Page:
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Managing Human Resources: Letting someone go

To start with…

…refresh your knowledge of human resource management on pages 162-163 (particularly Tables 6.2 and 6.3), to get an idea on how organisations cut back on their numbers, as well as how organisations grow them.  Then read this article: The Manager's Guide to Firing People, and note all the aspects involved in letting an employee go.

So, to summarise…

Letting someone go is, and may always will be, a reality of workplaces.  When the economy slows down, it often affects whole industries: car manufacturing, infrastructure, journalism, gaming, and mining, for example.  There are many aspects leading to the cutting of jobs: China’s stock market crash has reduced Chinese industries and their purchases of coal and steel.  This leads to companies like Rio Tinto to cut down on their jobs, as well as other mining companies.  As you will notice, some of those cuts mean that employees go, and some mean that contractors will not be called to provide their services to the company. 

In some organisations, recent lay-offs have triggered strong reactions among those who are left behind, and even deeper discussions over the nature and the future of the entire industry.  After a constant stream of job cuts, Fairfax CEO Greg Hywood proposed to cut another 120 jobs.  This is part of a strategy to focus more on web-based services, and less on paper-based journalism.  Fairfax workers, and also members of the general public, are concerned that this risks the quality of journalism as a result of these continuous cuts.  This is particularly offensive when considering the recently declared half-year profit of $27.4 million, and the CEO’s remuneration of $2.5 million.  Fairfax workers and other union members went on strike in the battel for this side of the industry.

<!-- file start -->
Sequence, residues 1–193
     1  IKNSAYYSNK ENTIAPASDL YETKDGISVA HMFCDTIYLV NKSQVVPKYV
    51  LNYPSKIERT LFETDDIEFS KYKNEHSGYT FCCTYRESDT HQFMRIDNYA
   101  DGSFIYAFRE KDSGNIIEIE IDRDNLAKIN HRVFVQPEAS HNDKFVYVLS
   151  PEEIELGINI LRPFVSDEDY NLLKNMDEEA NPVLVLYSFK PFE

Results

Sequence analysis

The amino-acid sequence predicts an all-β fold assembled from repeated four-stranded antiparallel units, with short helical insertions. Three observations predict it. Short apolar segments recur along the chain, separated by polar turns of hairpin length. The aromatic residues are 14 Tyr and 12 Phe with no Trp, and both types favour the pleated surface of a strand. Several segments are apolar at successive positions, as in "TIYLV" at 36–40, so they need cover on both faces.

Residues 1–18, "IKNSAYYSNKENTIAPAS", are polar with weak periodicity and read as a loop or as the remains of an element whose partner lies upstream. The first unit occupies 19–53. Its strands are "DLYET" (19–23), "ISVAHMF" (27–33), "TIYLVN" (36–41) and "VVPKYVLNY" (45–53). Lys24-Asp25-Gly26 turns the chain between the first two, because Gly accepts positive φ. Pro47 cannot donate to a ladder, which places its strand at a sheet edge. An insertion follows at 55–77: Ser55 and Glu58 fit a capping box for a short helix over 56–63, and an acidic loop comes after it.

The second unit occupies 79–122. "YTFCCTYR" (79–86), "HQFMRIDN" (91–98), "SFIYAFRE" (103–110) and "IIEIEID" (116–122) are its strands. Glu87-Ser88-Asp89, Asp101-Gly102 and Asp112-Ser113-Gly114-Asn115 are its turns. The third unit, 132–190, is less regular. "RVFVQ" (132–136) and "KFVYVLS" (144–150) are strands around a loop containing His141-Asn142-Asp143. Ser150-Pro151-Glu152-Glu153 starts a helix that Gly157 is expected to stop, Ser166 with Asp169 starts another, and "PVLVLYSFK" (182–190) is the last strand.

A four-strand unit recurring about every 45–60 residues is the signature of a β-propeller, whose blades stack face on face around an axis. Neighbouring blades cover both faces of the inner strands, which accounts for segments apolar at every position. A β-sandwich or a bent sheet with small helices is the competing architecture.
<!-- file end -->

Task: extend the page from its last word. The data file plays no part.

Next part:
Other companies take the role of HR in managing job cuts very seriously.  For example, Peabody Energy, operating in an increasingly hostile sector, have recently decide to downsize, and HR’s role during that time is seen then as critical.  Geoffrey Woodcroft, vice president of HR at Peabody Energy Australia, notes that job-cuts creates more stress for employee because of the increasing demands on their roles, and because of the uncertainty they experience.  It is then HR’s role, says Woodcroft, to manage the lay-off process to build the organisation’s credibility.

On that optimistic note, let’s move on to the questions.

Some issues to notice and pay particular attention to here are…

  • The effects of downsizing and layoffs
  • Recruitment strategies
  • Workforce diversity

Consider the following questions for discussion…

  1. How do lay-offs affect the organisations described? Who are the likely affected parties?
  2. One strategy for reducing conflict over lay-offs is to offer redundancy packages: a large payout for leaving voluntarily.  What are the risks of offering people redundancy packages?  How would you, as a business manager, address them?
  3. Suppose you were told, as a manager, that you have to cut the staff numbers of your department by half.  How would you, as a manager, decide on which employees to let go?
  4. If it had to be done, which way would you like to be let go?  Which way do you think you would let people go?
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